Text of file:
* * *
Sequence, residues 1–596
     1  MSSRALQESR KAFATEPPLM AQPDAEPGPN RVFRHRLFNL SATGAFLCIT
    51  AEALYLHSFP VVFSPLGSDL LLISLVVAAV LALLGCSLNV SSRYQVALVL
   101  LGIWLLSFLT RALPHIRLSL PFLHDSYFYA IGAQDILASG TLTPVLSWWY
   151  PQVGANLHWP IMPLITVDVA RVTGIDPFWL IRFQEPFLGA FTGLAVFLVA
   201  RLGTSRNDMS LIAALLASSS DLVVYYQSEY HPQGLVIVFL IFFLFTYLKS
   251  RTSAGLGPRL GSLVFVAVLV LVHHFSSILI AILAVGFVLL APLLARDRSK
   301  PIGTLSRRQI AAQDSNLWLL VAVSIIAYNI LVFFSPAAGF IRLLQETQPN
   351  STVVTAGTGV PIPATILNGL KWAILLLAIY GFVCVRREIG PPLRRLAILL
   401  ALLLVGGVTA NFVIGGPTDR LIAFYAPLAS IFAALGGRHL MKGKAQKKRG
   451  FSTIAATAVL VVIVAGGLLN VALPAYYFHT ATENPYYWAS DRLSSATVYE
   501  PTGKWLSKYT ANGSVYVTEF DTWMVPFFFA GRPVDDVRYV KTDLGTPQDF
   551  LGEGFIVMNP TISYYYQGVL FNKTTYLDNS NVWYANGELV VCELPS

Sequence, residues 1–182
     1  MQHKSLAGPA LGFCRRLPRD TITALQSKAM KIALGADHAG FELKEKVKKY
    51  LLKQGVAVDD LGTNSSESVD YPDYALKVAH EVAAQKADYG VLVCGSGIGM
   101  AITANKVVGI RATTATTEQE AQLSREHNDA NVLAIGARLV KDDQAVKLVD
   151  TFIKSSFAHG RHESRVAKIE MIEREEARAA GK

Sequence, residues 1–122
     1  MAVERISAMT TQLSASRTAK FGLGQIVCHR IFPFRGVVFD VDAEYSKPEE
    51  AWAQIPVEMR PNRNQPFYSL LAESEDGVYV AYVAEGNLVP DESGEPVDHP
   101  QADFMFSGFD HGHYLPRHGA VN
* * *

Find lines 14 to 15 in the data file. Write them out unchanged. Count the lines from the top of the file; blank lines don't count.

Sequence, residues 1–182
     1  MQHKSLAGPA LGFCRRLPRD TITALQSKAM KIALGADHAG FELKEKVKKY